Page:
Changes Brought by the Bronze Age
Western Civ
Home

 
Abstract
Research Report
References
Background
Significance
Web Resources



Abstract


 
 

The Bronze Age started in the third millennium B.C. and with it brought great advancements to the world.  The tools and weapons of the day were soon made stronger and more durable.  This change allowed for a population increase since farming and hunting became more efficient and could support more people.  Also changed were daily household items such as the brooch (accompanying image).  It is still a controversy as to who it was that introduced the discovery of smelting bronze.
 
 



Historical Background

    The Bronze Age, which was in full swing by the third millennium B.C., spread across Europe and Asia at roughly the same time to change everyday life.  Many changes made life easier while some made life more extravagant.  Warfare also made large advancements due to the invention of bronze.  Who started the Bronze Age is still a bit of a controversy, some feel it started in different parts of Europe, spread from Asia, or it began at roughly the same time across the known world.

     The Bronze Age was the result of a short period known as the copper age; this is because bronze is a form of copper mixed with tin.  Many metal workers used a 90% copper to 10% tin ration when smelting their product (Martin, 14).  The largest impact that bronze had was seen in weapons that were produced in this time period.

Research Report

     In fact one weapon was advanced so greatly that a new weapon came in existence due to bronze.  This weapon was the dagger; every person, even the low class citizens, had a dagger in his possession during this time.  However, metal workers soon found that bronze allowed them to make the blade longer, and soon the sword was being made along with daggers.  At first the swords were made for ceremonial events and for display in a wealthy home.  The sword soon did find its way to the battlefield, but it was not used in the manner we think of today.  Swords were used as daggers but had longer blades, it took some time for men to realize that they could swing the sword and also inflict bodily harm to the enemy (Quennell, 23).  Swords greatly increased the death rate of warfare and also helped men kill more food.  However, daggers were not the only weapons that saw advances.

     Until this time arrowheads and spearheads were made using animal bones and stone that could be carved to form the pointed edge needed in battle or hunting.  Bronze soon took the place of these materials for many good reasons. Stones and bone could not do this because they were carved and not molded into form like bronze was. Copper was not used because it lost its shape too easily and thus became ineffective for use.  Bronze however kept its shape very well and was also able to form and hold razor shape edges (Martin, 22).  The technology of bronze made hunting and warfare much more lethal.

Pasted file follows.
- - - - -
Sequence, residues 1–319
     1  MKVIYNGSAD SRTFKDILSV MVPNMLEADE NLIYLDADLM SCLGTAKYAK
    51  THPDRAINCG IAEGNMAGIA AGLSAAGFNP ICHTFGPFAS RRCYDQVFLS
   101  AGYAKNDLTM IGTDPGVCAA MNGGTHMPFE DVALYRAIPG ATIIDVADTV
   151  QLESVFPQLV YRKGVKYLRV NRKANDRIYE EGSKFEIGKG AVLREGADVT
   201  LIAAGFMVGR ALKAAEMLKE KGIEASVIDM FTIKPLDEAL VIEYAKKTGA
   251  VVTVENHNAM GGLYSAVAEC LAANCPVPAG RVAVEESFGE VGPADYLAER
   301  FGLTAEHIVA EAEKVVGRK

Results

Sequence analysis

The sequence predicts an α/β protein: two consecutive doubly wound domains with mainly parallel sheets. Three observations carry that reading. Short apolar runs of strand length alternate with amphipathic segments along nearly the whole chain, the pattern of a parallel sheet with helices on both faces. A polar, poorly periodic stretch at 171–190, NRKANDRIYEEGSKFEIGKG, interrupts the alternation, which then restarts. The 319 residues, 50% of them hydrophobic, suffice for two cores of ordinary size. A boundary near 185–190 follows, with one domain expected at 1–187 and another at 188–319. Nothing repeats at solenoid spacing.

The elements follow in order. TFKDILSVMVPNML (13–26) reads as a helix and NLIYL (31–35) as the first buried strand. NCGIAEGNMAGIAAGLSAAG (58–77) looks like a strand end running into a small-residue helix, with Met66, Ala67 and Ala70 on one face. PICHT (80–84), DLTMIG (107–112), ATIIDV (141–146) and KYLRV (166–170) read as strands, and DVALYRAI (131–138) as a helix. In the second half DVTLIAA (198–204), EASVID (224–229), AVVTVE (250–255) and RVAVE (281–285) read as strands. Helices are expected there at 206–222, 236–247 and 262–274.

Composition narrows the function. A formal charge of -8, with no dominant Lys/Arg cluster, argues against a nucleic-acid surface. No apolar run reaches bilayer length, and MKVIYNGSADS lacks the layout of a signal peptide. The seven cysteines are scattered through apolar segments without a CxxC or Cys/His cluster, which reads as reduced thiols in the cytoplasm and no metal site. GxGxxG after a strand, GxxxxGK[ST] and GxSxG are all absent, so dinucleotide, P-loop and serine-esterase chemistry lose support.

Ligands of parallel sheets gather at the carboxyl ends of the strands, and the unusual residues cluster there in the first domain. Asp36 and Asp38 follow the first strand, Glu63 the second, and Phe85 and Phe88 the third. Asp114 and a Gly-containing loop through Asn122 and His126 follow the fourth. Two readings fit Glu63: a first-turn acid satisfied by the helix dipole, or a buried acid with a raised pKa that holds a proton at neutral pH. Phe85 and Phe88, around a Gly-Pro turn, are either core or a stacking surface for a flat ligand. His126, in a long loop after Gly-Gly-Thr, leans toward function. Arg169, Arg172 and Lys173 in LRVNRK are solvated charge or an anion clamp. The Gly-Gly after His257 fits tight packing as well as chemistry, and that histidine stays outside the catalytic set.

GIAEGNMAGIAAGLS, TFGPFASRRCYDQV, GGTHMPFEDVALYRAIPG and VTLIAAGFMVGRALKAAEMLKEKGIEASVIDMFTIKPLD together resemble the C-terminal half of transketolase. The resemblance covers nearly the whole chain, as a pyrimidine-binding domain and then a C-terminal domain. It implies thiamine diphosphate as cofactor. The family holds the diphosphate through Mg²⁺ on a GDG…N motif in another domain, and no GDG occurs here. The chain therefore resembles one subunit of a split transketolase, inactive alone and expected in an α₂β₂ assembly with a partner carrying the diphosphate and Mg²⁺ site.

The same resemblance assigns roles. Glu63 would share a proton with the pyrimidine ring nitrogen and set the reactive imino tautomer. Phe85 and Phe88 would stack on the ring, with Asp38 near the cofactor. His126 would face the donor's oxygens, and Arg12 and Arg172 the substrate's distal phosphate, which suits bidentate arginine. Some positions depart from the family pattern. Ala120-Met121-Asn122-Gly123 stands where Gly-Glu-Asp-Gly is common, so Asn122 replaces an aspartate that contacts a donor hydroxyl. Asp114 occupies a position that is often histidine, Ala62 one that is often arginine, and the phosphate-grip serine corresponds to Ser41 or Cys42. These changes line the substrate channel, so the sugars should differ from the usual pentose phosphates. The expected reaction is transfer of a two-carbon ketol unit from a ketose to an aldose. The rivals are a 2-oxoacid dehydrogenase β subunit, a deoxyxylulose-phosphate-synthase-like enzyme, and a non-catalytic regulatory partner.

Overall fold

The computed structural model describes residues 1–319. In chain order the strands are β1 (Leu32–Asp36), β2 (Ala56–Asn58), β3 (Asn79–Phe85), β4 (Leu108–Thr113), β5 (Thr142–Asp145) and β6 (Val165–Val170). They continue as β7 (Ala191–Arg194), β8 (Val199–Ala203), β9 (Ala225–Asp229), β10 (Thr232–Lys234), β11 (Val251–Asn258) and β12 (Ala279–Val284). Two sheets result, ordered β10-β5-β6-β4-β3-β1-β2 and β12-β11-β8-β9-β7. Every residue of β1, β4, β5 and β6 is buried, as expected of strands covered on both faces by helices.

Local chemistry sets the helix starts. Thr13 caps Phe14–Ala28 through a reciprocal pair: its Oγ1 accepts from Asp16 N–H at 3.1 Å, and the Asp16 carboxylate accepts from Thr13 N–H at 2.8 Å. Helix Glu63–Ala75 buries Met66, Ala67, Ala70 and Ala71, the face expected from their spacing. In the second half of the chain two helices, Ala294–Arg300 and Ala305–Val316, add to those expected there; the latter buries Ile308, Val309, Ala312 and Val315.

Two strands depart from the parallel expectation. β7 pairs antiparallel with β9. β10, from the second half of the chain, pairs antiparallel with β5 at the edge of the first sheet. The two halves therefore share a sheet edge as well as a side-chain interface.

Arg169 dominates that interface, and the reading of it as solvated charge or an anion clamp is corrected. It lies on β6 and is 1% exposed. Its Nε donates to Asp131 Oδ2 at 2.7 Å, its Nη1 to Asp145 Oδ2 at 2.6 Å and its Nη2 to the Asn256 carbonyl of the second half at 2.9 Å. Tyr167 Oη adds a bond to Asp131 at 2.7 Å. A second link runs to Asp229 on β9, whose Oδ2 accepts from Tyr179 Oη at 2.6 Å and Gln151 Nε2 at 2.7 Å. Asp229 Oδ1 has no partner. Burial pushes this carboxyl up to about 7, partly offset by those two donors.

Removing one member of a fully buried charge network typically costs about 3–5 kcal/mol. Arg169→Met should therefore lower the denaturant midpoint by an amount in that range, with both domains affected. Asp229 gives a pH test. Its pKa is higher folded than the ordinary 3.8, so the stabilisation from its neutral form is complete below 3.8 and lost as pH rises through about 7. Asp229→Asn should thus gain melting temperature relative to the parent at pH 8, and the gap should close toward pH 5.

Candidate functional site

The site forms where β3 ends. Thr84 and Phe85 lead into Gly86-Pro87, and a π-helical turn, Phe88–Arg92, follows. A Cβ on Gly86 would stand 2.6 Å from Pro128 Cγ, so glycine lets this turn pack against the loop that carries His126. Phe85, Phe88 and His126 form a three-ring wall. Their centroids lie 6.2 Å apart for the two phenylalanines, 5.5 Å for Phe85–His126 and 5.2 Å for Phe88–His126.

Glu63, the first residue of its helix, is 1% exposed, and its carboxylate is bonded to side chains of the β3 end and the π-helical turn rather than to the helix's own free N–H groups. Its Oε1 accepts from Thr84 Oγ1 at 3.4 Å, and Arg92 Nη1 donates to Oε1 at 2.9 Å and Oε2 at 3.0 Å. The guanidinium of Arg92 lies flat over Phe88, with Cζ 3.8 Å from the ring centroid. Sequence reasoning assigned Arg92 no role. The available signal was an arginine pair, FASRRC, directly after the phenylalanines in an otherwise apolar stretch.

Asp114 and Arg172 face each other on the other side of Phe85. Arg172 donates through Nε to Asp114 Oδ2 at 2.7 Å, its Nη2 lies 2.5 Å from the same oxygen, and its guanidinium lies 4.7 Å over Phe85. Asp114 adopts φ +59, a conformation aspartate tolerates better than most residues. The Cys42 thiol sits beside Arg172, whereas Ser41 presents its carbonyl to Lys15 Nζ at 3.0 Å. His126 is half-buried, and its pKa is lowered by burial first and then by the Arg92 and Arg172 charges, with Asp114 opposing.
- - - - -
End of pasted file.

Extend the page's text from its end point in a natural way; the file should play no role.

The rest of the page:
Bronze also changed the face of weapons in another way that did not necessary help man.  Bronze was the first material used for daggers, swords, and shields that could be decorated in a very extravagant way.  Many sword and dagger blades contained carvings in the bronze blade that depicted anything from hunting and battle scenes to animals.  The decoration depended on were the blade was produced and what it was intended to be used for (Cotterell, 126).  Many swords used in battle had prints on them that would distinguish how wealthy the man carrying the sword was.  Since wealthy men would pay for this type of work it allowed poor smiths to rise to a rich artisan in the societyís eyes.

     Swords and shields were not the only items that saw artistic work being done on them, the wheel coverings of chariots were also given time to be crafted into intricate workings of art.  Since smiths were working on the wheels of chariots they too saw advancements made in their production.  Some believe it is this time period that the spokes of a wheel were created.  Spokes of this time were not numerous in the wheel and were much larger and thicker then the thin ones of present day bike tires.  These thick spokes acted as braces for the wheels of chariots and soon other objects that had wheels such as carts.  The idea of spokes made the wheels very strong without as much weight necessary for them (Quennell, 161).

    Many people saw the advantages of using bronze and thus it was also used in household tools such as those used for farming.  In fact, bronze was the pathway for the creation of many new tools to be used by the carpenter, farmer, ship builder, gem cutter, and sculptor (Cotterell, 127).  One of the tools that saw the most advancement was the ax.  The ax played a very large role in everyday life, so large that the Minoan people knew they owed their civilization to the bronze ax.  Many times a picture of an ax can be seen in Minoan artifacts, this shows that the Minoans understood how important it was to the life they had created for themselves (Cotterell 126).

    The ax saw great changes with the discovery of bronze.  The ax was made using bronze as the head and wood as the handle, the two were still fashioned together the same way as in the Stone Age.  This created problems because the wood could not stand the impact of the bronze head and would often split.  The first big change seen in the ax was due to this problem, a new mold that created a ring in the ax head allowed the wooden handle to be pushed through the hole.  This new model could withstand the blows because the bronze ring took the impact and not the wood.